Defining Moment

You know how on social media, they let you set up your profile? It’s a way for people to identify you – a way for people to connect with you.

You know what’s hard? When people have other people in their portrait picture. When that happens, I can’t tell who is who.

Here’s my picture. Okay, maybe I don’t have a leg to stand on.

They say that couples begin to look alike after they’ve been married a long time; so this is a picture from a few years ago. But if the name says Justin Michael, you know which one of us is Justin, right?

When you set up your profile, you get to have two pictures.

The first is your portrait. Usually this is a closeup so people can see your smiling face. This is the picture of you that is attached to every one of your comments and posts. It’s the picture that shows up over and over again.

The other picture is the banner, the wide shot, the cover photo. It shows a place or environment or group or event. This is the one that sets the tone for your profile. It’s the one you’re using to communicate something deeper about you. It’s more than just appearances.

You might say that these two pictures help define you to those you interact with on social media.

Have you ever considered the defining moment in your life?

There are two ways to answer this question.

The first way is to look at a moment in your life that encapsulates your entire life. You can look at an event that shows your character; it captures aspects of your life in one snapshot.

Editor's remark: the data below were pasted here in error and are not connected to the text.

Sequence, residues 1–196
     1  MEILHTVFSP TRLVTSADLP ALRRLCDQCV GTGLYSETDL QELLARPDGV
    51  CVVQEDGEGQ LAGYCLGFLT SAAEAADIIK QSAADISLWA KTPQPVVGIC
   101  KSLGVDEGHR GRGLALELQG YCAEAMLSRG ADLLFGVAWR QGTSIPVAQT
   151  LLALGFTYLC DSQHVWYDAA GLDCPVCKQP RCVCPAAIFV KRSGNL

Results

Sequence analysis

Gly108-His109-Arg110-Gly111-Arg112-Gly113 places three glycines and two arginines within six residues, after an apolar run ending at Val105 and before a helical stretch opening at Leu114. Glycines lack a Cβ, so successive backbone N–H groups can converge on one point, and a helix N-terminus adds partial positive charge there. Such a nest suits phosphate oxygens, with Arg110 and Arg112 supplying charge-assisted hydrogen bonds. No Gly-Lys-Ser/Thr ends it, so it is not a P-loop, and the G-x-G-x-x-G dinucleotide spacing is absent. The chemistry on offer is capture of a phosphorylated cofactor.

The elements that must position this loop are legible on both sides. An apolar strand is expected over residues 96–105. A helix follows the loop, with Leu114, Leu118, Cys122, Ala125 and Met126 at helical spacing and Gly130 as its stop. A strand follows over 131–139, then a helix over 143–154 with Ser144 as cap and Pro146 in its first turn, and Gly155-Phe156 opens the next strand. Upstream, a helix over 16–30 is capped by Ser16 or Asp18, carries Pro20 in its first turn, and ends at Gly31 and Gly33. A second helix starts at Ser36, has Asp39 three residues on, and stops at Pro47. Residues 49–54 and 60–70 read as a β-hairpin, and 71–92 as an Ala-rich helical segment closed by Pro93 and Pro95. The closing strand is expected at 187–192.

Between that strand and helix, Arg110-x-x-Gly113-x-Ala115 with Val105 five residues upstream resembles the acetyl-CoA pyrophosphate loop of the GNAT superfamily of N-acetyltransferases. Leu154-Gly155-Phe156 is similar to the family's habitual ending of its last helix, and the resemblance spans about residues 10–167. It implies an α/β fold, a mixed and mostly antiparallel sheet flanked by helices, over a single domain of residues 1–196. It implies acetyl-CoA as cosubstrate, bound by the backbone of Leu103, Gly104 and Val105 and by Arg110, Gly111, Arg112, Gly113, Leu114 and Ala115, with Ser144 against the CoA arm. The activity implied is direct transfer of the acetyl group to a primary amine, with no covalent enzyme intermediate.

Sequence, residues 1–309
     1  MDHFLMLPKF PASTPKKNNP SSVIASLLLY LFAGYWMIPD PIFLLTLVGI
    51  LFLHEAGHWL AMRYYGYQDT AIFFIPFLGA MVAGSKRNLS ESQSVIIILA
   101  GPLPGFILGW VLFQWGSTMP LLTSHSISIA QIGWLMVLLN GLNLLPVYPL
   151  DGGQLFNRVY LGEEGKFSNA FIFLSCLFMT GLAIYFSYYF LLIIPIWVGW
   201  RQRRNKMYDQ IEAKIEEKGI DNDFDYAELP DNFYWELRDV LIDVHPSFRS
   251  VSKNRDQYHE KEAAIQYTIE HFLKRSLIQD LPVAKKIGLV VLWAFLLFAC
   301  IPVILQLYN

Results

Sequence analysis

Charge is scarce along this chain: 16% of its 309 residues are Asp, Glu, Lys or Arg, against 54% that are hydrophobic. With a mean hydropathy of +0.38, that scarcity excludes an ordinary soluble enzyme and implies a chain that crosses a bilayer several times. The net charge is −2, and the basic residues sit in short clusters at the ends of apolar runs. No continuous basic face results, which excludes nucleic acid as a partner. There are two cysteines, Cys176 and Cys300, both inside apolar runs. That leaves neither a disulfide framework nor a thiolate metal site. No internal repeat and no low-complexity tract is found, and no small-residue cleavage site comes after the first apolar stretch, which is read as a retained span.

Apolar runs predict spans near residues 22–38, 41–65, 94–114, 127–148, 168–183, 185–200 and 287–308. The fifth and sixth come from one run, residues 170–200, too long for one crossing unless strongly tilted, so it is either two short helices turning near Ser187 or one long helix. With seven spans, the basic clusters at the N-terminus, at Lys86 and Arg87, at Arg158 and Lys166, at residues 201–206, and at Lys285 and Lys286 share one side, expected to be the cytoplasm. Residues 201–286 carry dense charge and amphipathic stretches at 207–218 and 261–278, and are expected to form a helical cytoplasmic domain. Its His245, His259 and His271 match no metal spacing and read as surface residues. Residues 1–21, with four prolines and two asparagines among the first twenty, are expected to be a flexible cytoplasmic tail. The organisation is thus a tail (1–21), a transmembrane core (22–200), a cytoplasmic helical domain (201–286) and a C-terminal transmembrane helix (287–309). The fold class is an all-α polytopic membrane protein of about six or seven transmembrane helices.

Is there an event like that in your life?

We want to have a defining moment that is like having an awesome cover photo. It is a backdrop for our whole lives and colors our understanding of ourselves; and we want it to be a good one that lots of other people will see, too.

That’s one way to think about this question: What has been the defining moment of your life?

But there’s another way to think about it, too.

The other defining moment is the one that changes you in a dramatic way – in a way that impacts your relationships, motivates your actions and marks you forever.

This defining moment doesn’t describe you; this defining moment transforms you.

If we look at the life of Peter, an apostle and follower of Jesus Christ, within a few months of each other, we see two well-known moments that could be defining moments for him.

One day he denied he even knew Jesus. An account is captured in Luke 22:

The guards lit a fire in the middle of the courtyard and sat around it, and Peter joined them there. A servant girl noticed him in the firelight and began staring at him. Finally she said, “This man was one of Jesus’ followers!”

But Peter denied it. “Woman,” he said, “I don’t even know him!”

After a while someone else looked at him and said, “You must be one of them!”

“No, man, I’m not!” Peter retorted.

About an hour later someone else insisted, “This must be one of them, because he is a Galilean, too.”

But Peter said, “Man, I don’t know what you are talking about.” And immediately, while he was still speaking, the rooster crowed.